May 12, 2009

More information than you probably want

Lynn asked me about the type of CPAP machine I have. I have a Respironics Auto APAP with Aflex. It is fully data-capable, which means it records useful and important data while I sleep, and I can access this data myself and use it to make sure my therapy is going in the right direction. Or I'll be able to access the data again once I get my used laptop with Windows XP in the mail; the software is not Vista 64-bit compatible. Phooey.
Auto-adjusting or APAP machines are truly the jack of all trades and can change as the patient's needs change. They can be set to straight CPAP - one constant pressure. Or they can be set to CPAP with C-Flex - one constant pressure with exhalation relief. They can be set to APAP - varying pressure that responds to the needs of the patient at any given moment, with or without exhalation relief. You can get them with only compliance data (hours of use), or you can get them fully data capable.
APAPs can also be used to correct or determine the right pressure for a person, but having the data available is essential for this to work.
After getting absolutely no help with questions or information from my regular doctor and the ENT "sleep doctor" I saw for a consultation, I hit the internet and found CPAP Talk, a forum for CPAP users. It was there that I learned why a data capable machine is a beautiful and essential thing.
Ultimately, my therapy is my responsibility. I did not want to be one of those people who fails to adapt to CPAP therapy (failure rate is over 50%!). By being able to see my data, I know if my therapy is effective. It tells me if I am having apneas, or if my mask is leaking too much, or if I'm having mouth leaks where all the air is going out my mouth instead keeping my airway open, or if I'm having hypopneas (apnea wannabees). Without the data, I might think I was doing fine when in fact I'm really not. At this stage of the treatment, I'm not yet "feeling fine" as I have too many years of sleep deprivation to catch up on. If I didn't have the data to tell me I'm doing good, I might get discouraged and not keep on keeping on.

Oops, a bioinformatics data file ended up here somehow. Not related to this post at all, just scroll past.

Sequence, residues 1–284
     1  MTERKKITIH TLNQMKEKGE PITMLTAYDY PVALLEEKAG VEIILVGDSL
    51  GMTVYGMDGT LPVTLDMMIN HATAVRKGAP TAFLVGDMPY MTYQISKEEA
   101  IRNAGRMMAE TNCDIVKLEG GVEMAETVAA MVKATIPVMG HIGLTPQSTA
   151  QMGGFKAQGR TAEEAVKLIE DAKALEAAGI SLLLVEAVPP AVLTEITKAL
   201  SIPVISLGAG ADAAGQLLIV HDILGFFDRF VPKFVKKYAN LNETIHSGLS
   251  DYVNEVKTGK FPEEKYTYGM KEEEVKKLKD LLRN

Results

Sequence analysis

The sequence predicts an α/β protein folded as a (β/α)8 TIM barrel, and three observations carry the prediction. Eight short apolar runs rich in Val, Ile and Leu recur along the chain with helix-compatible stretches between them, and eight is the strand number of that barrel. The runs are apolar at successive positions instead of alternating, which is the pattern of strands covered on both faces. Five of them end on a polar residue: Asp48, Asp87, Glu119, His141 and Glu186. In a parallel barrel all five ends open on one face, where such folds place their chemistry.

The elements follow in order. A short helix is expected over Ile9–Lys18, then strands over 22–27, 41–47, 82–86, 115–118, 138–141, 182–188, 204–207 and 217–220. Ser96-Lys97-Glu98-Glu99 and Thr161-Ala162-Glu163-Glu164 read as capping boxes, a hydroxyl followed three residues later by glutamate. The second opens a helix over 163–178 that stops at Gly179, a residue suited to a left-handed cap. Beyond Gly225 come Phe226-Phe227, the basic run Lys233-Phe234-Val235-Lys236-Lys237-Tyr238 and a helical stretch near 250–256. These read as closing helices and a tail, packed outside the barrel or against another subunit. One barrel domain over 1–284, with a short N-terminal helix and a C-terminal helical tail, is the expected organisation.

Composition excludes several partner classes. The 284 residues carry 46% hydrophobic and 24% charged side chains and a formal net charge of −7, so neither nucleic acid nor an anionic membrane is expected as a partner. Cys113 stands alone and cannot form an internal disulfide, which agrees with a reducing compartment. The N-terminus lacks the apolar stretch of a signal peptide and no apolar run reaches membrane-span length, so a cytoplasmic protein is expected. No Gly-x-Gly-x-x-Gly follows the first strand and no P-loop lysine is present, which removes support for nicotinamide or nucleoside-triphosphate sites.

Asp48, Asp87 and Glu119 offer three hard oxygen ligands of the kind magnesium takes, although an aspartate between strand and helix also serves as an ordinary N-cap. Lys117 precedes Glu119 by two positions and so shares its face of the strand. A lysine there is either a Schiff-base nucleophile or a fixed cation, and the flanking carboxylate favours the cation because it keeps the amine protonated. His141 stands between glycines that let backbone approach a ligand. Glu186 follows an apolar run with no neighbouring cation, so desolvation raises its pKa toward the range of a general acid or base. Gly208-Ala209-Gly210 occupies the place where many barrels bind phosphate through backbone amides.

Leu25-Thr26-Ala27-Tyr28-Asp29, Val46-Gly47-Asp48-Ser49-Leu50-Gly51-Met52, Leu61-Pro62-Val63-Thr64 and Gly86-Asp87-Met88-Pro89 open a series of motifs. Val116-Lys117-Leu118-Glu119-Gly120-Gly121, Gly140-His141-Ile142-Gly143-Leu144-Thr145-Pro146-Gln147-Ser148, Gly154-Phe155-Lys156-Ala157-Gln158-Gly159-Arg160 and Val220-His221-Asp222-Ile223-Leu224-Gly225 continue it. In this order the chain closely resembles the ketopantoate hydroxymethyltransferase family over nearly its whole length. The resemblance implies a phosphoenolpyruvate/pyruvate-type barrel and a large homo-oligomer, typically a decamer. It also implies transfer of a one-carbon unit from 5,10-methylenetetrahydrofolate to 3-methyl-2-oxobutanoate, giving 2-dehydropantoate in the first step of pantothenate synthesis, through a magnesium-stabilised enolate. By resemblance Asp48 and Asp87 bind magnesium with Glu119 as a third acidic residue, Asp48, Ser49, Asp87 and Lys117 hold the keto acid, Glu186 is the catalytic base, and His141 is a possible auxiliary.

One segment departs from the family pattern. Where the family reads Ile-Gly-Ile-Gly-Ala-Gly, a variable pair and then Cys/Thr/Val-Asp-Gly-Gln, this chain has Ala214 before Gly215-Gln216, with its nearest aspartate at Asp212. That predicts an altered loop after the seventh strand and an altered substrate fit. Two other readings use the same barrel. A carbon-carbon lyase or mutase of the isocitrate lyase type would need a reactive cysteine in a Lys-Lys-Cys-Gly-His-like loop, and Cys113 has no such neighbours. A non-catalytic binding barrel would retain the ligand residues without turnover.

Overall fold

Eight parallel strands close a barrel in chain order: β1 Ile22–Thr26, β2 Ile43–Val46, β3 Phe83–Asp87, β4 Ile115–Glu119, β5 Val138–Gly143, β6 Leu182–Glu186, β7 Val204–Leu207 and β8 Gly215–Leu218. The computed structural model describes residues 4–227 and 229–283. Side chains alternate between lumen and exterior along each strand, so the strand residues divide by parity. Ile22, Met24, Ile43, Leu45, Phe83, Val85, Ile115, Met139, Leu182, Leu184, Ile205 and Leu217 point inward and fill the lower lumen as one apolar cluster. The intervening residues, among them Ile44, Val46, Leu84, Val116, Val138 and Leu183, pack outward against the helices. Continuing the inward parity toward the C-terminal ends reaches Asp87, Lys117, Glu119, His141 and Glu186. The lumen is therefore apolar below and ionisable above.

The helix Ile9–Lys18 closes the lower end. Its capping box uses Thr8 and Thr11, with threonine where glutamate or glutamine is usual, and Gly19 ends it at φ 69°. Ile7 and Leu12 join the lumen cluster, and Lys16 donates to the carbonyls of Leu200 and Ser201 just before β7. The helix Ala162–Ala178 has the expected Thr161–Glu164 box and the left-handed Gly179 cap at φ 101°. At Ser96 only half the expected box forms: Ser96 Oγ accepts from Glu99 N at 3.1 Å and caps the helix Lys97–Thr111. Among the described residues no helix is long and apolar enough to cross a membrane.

Of course, experienced hoseheads get to the point where they know if things are going okay without checking their data based on how they are feeling and functioning. But still it's nice to be able to get concrete empirical data.
A lot of the hoseheads I know over at CPAP Talk also use oximeters to check that their blood oxygen level is staying at the proper saturation. Sleep apnea tends to cause low blood oxygen levels which can cause tons of health issues (besides killing brain cells). An oximeter is a little gadget that clips on your finger and reads your blood oxygen levels - no needle is involved.
So if you've made it reading this far without your eyes glazing over, I commend you. Just remember, if you have sleep apnea, and you are not getting treatment, it WILL eventually kill you one way or another. Now on to other topics...
No, I haven't been stitching much lately. I've been on a reading jag. After I finished reading the newest Star Wars saga, I decided to go back and read all of our Star Wars books. Sometimes another galaxy is better than our own. But I'm sure I'll find my stitching mojo soon.

1 comment:

Lynn D said...

I read every word! Promise! :)

One thing that totally amazes me is how the medical folks tend to not want to explain things to us. Getting sleep apnea information has been, at least for me, more painful than giving pills to feral cats. The people at the sleep clinic act like everything is a secret.

I didn't push the apap issue since I do great on the cpap. They wouldn't, or perhaps couldn't, tell me exactly why I shouldn't have an apap.

Thanks for the post and it wasn't more than I wanted. :)